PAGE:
Diverting limited green hydrogen supplies to the building sector would also drive up the cost of hydrogen for key industries where it will be uniquely needed. The widespread use of green hydrogen in the buildings and transport sector could lead to a doubling of hydrogen costs due to higher demand, shows analysis by the energy consulting firm Aurora.
Innovation and further drops in the costs of renewable electricity will, of course, lead to lower hydrogen costs in the future, but the majority of the cost of producing hydrogen via electrolysis is the cost of the input electricity (80–86%), rather than capital or operating costs. This means that the cost difference to direct electrification will remain similar.
Thirdly, there is also the mirage of blue hydrogen, which converts fossil gas to hydrogen, but requires carbon capture and storage (CCS) to permanently store the resulting greenhouse gas emissions. It would result in remaining carbon emissions of 15–40%, part of which are upstream emissions in regions where gas is extracted, as revealed by recent satellite data.
Starting with blue hydrogen, hoping for green hydrogen to be available, is a high-risk strategy and faces the same cost challenges in the long term as a pure green hydrogen pathway.
Similar solutions were being suggested for the coal industry 15 years ago when it became clear coal power plants were no longer acceptable given their high carbon emissions. The coal industry responded by coining the term ‘clean coal,’ suggesting every coal power plant could be fitted with CCS. Most projects based on the idea of clean coal failed to deliver and coal is now increasingly being pushed out by wind and solar.
Fourthly, converting a gas grid to a hydrogen grid is not as simple as just putting a new gas in the pipes network. Hydrogen is a different gas with different properties. It can corrode older pipes and leaks more in newer pipes. It is highly flammable but, at present, undetectable by human senses when leaking. It also requires existing gas meters and the burner tips in home appliances, and sometimes the whole appliance, to be replaced. This is a huge task, as pointed out by research commissioned on the logistics of a conversion to hydrogen.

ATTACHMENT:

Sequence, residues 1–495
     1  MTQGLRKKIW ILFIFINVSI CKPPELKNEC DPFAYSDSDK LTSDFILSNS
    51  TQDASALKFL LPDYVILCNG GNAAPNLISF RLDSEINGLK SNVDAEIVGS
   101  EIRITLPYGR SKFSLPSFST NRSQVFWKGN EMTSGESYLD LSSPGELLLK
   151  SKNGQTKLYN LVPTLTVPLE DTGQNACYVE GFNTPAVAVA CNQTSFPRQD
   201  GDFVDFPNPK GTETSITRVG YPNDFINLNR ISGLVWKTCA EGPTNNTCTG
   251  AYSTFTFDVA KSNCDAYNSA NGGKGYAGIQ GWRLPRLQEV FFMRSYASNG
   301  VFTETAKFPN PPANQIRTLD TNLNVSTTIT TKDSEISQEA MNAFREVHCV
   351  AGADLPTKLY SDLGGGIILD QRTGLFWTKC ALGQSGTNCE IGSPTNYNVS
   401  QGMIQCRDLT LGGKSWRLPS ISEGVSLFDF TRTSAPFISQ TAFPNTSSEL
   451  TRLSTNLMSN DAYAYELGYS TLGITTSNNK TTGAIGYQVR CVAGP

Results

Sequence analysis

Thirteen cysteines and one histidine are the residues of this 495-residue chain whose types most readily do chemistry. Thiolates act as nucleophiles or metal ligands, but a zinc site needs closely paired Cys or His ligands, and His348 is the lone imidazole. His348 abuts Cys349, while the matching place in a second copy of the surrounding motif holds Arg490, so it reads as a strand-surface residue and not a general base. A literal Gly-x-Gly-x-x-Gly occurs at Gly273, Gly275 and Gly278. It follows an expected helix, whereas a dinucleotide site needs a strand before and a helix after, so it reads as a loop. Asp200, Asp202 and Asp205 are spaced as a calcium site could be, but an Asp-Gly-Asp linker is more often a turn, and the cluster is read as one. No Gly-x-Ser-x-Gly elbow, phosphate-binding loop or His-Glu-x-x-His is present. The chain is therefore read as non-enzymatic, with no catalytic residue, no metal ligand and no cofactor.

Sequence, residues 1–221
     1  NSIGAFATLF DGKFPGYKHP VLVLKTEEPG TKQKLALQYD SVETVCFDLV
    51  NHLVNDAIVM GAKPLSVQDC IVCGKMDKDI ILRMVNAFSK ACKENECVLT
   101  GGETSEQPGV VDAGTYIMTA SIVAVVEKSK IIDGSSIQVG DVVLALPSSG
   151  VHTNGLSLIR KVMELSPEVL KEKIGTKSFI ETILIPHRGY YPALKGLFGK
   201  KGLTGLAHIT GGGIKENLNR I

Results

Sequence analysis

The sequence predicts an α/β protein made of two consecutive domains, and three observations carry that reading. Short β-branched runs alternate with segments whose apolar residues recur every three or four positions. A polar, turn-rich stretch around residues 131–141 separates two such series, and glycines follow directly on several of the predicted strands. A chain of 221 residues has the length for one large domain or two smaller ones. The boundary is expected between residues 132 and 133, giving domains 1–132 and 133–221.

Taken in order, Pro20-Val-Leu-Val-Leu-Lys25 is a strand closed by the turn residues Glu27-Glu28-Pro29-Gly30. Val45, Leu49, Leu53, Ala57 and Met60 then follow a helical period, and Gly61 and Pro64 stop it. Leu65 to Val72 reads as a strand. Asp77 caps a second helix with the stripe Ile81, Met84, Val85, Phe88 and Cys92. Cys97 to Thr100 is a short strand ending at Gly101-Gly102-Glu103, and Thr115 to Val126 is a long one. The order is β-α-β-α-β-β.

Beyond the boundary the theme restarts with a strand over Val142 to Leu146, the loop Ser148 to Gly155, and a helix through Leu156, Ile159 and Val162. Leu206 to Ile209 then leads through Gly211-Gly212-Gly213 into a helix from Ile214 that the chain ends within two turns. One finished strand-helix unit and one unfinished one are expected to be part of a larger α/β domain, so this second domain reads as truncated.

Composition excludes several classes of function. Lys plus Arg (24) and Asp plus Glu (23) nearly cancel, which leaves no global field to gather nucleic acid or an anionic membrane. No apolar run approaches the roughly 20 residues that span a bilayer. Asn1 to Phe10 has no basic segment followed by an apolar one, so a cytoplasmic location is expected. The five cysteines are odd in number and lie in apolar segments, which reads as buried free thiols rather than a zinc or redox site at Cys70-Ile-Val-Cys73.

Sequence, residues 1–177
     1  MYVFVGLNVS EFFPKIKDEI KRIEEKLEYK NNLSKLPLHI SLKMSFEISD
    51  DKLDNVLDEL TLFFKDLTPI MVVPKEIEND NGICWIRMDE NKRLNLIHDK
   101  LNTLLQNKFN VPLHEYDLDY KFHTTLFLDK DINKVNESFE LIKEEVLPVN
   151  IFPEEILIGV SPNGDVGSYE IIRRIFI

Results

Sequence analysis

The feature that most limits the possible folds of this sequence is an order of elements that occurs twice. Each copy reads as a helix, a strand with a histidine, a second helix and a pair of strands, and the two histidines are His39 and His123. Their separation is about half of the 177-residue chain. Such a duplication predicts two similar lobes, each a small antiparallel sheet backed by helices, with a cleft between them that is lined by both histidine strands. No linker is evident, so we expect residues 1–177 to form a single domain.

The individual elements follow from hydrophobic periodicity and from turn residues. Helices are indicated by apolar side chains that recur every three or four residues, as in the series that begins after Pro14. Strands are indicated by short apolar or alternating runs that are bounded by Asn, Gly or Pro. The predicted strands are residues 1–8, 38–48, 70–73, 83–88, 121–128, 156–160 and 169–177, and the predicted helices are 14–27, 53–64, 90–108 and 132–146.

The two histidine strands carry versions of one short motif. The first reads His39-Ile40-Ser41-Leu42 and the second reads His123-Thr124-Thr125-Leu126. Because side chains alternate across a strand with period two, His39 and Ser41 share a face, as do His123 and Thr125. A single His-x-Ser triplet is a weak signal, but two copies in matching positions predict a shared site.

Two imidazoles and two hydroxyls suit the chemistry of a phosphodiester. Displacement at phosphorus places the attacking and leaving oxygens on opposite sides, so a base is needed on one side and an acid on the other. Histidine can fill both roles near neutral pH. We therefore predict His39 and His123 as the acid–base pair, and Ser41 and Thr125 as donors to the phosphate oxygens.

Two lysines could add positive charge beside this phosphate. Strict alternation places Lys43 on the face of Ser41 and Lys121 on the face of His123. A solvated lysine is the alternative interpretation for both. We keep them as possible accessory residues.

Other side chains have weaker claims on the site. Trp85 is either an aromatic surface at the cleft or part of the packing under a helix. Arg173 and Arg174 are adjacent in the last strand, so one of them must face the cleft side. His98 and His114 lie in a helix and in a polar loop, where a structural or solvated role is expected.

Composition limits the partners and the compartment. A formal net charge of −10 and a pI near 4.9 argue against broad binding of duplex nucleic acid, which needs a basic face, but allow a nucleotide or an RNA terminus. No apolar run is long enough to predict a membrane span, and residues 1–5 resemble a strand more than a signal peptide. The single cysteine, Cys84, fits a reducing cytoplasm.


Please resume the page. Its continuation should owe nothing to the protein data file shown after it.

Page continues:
Heat pumps and balancing
This is not to say there is no application for hydrogen in heating. Hybrid heat pumps may play a role using a small amount of hydrogen as backup during long cold spells. Hydrogen may also play a role in balancing the electricity system and indirectly support heat electrification in this way.
However, even if hydrogen becomes available in large quantities and at lower costs than expected, is will not play a large role in decarbonising heating systems any time soon. Centrica, the world’s oldest and Britain’s largest gas utility, recently said “domestic hydrogen use is likely more than ten years away, with the costs to customers as yet unknown”.
Rather than relying on unfounded promises, energy efficiency, smart electrification and district heating can deliver real carbon savings today. Analysis by the Regulatory Assistance Project provides an outline of a clean future for heating. Accelerating efficient and electrified heating can help accommodate a growing share of renewables and provide benefits to consumers and the energy system as a whole. Heat policy for the next decade should focus on solutions that are already available.
Jan Rosenow is the director of the European programme at the Regulatory Assistance Project, an independent, global, non-governmental organisation advancing policy innovation and thought leadership within the energy community.